Catrikes are manufactured in Winter Haven, Florida, and the frame is a 100% USA made product. My Catrike serial # is CTE3385. This trike frame and component design is intended to be a sport-touring setup. It is not the fastest racing machine, but gives a good account of itself in the rapidity department. The main attraction has been the extreme comfort of the riding position. No neck, hand, back or butt pains so far. I hit the 200 mile mark today, and am totally satisfied with my new trike. I would like to train over the fall and winter, and make this Catrike into a comfortable century machine.
I usually only buy a frame and then add my desired components, but the Catrike comes well equipped with Avid BB7 disc brakes, a SRAM 10 speed drivetrain, and Schwalbe Marathon Racer tires. For now, this will be a good combination. In the Spring, I may experimant with Rotor chainrings and Schwalbe KOjak tires for a speed boost over long distances. I have a Shelter Island ride palnned for later in the week, and that will be the first test of road riding. I have a flag and two-one watt Planet Bike flashers for visibility.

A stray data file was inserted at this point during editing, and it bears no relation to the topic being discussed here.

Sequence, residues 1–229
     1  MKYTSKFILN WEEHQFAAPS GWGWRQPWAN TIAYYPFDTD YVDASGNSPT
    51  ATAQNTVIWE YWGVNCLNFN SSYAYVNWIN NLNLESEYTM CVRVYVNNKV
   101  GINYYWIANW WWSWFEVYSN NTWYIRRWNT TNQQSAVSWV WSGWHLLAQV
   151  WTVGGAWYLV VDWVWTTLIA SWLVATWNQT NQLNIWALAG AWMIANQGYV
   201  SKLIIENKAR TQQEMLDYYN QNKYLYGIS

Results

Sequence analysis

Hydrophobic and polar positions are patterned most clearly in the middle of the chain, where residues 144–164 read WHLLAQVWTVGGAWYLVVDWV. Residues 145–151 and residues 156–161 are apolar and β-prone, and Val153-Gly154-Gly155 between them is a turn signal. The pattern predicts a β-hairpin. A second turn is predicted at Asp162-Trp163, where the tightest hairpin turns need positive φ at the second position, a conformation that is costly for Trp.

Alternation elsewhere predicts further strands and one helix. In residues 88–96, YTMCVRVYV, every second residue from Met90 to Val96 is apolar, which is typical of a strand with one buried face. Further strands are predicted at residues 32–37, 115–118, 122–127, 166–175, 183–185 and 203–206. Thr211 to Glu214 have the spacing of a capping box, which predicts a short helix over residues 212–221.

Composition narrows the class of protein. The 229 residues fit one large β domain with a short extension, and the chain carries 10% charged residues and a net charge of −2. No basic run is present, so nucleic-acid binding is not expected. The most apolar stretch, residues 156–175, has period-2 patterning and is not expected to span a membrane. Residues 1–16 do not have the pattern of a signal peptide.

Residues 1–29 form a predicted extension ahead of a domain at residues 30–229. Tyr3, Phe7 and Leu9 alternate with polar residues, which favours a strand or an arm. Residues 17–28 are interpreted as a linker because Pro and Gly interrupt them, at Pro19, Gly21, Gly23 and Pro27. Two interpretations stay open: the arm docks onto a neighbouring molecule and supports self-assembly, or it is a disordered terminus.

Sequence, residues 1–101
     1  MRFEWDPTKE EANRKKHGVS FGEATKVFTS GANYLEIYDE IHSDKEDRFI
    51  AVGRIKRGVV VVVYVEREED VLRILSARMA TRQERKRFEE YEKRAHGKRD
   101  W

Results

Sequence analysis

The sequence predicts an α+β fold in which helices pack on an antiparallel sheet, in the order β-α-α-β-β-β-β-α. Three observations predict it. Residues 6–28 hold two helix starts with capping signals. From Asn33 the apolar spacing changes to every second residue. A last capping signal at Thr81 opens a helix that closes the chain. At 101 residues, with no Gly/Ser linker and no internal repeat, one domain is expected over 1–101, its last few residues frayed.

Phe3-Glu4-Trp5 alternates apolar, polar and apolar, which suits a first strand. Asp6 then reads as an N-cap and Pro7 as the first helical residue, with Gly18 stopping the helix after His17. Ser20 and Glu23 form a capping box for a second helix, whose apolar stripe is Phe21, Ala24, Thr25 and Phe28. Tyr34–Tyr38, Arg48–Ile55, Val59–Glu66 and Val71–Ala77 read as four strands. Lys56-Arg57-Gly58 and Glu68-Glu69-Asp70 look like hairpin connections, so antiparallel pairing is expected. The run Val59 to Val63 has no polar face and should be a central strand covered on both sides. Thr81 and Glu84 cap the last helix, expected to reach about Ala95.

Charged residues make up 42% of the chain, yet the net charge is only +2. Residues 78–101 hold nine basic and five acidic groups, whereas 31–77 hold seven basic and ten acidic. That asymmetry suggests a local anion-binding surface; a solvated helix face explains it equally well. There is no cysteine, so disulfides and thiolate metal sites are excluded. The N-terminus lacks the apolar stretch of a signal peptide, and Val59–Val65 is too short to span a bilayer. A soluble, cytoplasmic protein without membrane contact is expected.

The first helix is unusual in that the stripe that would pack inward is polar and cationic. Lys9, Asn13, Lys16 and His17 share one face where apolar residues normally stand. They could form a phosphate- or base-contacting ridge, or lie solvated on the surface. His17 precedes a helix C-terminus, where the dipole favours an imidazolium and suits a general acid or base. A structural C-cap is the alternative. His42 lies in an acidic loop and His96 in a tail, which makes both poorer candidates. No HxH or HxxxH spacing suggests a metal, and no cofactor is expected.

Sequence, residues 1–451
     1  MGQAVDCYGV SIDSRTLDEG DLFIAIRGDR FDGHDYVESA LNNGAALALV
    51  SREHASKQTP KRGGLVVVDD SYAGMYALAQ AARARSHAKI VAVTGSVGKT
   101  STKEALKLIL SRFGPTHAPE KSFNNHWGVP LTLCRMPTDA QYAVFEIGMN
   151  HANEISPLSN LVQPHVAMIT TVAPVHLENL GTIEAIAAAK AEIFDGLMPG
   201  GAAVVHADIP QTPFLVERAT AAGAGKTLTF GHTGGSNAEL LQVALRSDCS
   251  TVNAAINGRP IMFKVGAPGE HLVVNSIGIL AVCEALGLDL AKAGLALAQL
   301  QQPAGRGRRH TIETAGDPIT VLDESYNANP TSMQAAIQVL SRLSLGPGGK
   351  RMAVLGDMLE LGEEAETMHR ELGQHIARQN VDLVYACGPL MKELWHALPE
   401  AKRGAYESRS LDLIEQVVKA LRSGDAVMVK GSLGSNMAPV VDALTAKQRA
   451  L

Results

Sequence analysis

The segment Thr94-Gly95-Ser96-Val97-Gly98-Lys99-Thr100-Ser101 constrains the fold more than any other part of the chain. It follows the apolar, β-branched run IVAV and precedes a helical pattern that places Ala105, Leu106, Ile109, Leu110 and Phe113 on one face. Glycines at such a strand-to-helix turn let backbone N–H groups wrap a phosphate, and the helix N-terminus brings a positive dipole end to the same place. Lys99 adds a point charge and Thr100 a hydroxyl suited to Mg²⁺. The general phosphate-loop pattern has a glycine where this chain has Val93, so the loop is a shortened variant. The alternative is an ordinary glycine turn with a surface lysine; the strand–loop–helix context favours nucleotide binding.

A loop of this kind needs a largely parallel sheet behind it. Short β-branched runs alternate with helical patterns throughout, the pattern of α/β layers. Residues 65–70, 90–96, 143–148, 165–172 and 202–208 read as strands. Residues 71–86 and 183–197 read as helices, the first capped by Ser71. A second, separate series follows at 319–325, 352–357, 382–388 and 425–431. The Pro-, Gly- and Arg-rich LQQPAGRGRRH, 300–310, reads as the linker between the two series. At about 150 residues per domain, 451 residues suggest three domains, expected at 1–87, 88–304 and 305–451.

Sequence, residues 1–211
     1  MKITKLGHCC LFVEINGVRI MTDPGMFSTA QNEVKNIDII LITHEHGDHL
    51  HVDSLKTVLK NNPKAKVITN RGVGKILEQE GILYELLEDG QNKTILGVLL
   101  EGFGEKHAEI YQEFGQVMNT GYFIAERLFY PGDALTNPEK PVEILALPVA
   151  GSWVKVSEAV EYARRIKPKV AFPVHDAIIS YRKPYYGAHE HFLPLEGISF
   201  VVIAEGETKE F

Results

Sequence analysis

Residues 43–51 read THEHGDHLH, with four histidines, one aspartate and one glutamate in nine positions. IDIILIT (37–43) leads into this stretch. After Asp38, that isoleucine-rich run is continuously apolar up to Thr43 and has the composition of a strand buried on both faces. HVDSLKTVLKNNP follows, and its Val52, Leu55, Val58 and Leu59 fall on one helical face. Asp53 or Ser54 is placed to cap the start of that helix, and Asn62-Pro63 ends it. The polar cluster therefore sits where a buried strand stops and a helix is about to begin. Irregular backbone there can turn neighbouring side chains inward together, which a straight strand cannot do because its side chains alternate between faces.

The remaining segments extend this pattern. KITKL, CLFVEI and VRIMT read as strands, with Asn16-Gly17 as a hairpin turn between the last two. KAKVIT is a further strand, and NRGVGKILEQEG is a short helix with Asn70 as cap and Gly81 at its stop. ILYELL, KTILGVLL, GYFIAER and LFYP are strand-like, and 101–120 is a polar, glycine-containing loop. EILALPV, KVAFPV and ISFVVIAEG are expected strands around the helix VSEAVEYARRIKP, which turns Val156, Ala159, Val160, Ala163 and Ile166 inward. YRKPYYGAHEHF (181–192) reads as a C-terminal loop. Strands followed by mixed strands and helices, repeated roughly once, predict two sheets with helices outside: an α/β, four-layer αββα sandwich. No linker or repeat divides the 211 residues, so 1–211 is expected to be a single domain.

Wednesday, September 25, 2013

A Ride on the Wallkill Valley Rail Trail

This past weekend, Helen, Nina, and I went up to New Paltz, New York, to attend the wedding of our dear friends Jon and Amity. I also took the opportunity to take a ride on the Walkill Valley Rail Trail. The folks at Bicycle Depot pointed me several steps from their door, which is the junction of town and trail.

I got up early the next day and was at the door of the Main Street Bistro at the opening time of 7AM on weekends. They made me a wonderful omlette on eggs, sausage, broccoli, mushrooms, and cheddar cheese which was served it the skillet. Nothing like a great breakfast on a brisk morning to start a rail trail ride!